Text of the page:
PEEK composite materials have their own outstanding performance characteristics. For instance, PEEK carbon fiber reinforced composite material has the characteristics of high strength, high modulus, and wear resistance, making it suitable for use in bearing supports, to name a few. PEEK glass fiber reinforced composite material, on the other hand, boasts high insulation and temperature resistance.
For example, in the aerospace industry, engine controller casings and electrical connectors use the carbon fiber reinforced PEEK composite material, achieving functions such as weight reduction, insulation, electromagnetic shielding, and low residual magnetism. High-temperature insulating glass fiber PEEK composite material is used to manufacture brush connection rings with insulation resistance greater than 25MΩ at 300℃. PEEK carbon fiber material or wear-resistant composite material is used to manufacture various specifications of bearing retainers, gaskets, standard parts, and camera mirror frames, achieving weight reduction and oil-free lubrication. In the weapons industry, various lightweight, high-temperature-resistant, self-lubricating, and heat-insulating components such as bearing retainers, planet structural rollers, missile attitude control frames, antenna covers, and cover plates are made of the PEEK composite material to meet the requirements of lightweight and functionality. In the nuclear industry, PEEK composite material is used for large-sized sealing coils, storage cover materials, winding wires, lifting coil and mobile coil skeletons, etc., satisfying the requirements of radiation resistance and high-temperature resistance.
Polymer materials will produce free radicals after irradiation. Radiation-induced polymer reactions such as oxidation, cleavage, cross-linking, and grafting all come from the production of free radicals. The study of free radicals belongs to the microscopic realm. The primary and secondary reactions of free radicals lead to various results, which are manifested as changes in the physical and chemical properties of materials. Therefore, studying the production and evolution of free radicals is an important component of the study of the irradiation effect of polymer materials. PEEK materials have high tolerance to nuclear radiation (α rays/helium nuclei, β rays/electrons, γ rays/high eV electromagnetic waves), and high-energy radiation often leads to a decrease in plastic elongation and an increase in brittleness.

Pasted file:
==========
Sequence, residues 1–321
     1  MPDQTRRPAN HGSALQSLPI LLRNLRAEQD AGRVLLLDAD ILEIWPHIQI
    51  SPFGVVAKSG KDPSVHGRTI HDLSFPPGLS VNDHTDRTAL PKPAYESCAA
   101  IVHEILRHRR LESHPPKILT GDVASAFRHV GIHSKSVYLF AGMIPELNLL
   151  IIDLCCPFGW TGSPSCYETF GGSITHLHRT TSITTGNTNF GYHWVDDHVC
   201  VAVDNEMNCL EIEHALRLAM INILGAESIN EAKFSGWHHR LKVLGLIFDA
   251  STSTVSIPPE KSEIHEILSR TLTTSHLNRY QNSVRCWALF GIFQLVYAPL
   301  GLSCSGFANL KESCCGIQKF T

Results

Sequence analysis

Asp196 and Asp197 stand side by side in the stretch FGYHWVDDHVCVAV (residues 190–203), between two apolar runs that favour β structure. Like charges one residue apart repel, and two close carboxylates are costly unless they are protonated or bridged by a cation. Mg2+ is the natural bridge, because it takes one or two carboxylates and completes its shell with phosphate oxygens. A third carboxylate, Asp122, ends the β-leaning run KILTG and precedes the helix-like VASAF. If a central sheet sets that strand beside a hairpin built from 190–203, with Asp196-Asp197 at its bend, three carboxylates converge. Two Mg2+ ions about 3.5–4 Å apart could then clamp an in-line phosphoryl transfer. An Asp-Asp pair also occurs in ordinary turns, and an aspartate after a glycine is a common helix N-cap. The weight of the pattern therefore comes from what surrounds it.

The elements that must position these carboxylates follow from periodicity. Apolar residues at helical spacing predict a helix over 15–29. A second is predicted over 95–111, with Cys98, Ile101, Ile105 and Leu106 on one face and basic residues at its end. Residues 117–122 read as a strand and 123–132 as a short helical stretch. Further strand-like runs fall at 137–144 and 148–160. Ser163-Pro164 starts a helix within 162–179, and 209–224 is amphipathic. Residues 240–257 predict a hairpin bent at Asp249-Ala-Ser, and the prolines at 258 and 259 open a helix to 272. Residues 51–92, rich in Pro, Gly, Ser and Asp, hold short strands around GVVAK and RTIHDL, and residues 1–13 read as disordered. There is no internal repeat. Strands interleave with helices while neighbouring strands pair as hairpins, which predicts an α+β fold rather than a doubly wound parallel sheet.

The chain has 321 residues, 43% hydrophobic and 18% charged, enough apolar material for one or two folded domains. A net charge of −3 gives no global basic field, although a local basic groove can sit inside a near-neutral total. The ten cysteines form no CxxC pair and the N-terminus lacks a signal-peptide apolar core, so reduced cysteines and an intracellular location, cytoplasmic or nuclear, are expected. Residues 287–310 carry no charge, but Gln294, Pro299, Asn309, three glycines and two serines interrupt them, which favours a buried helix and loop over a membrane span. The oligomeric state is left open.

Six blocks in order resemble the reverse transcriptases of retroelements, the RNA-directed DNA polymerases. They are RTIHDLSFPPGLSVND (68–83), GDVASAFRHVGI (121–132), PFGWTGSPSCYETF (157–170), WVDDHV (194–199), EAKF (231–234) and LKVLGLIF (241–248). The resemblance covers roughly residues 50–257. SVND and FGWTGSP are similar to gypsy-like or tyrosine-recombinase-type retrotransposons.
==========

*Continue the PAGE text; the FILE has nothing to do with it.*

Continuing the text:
The following are the basic conclusions:
High-energy electron irradiation mainly acts on the amorphous state, and it can induce cross-linking of the amorphous state. The main manifestations are the increase in glass transition temperature (Tg), the decrease in melting point (Tm), and the decrease in decomposition temperature (Td).
When the dosage of high-energy electron irradiation reaches 180MGy, the tensile performance is almost unchanged, but slight decrease is observed when irradiated at 140℃ with a dosage of 120MGy.
Positive ions cause benzene rings to degrade while double bonds increase, but the mechanical properties remain almost unchanged, as positive ions only act on the surface.
Because PEEK has a high proportion of benzene rings and lacks radiation-sensitive fatty chains, it can withstand gamma radiation of MGy level.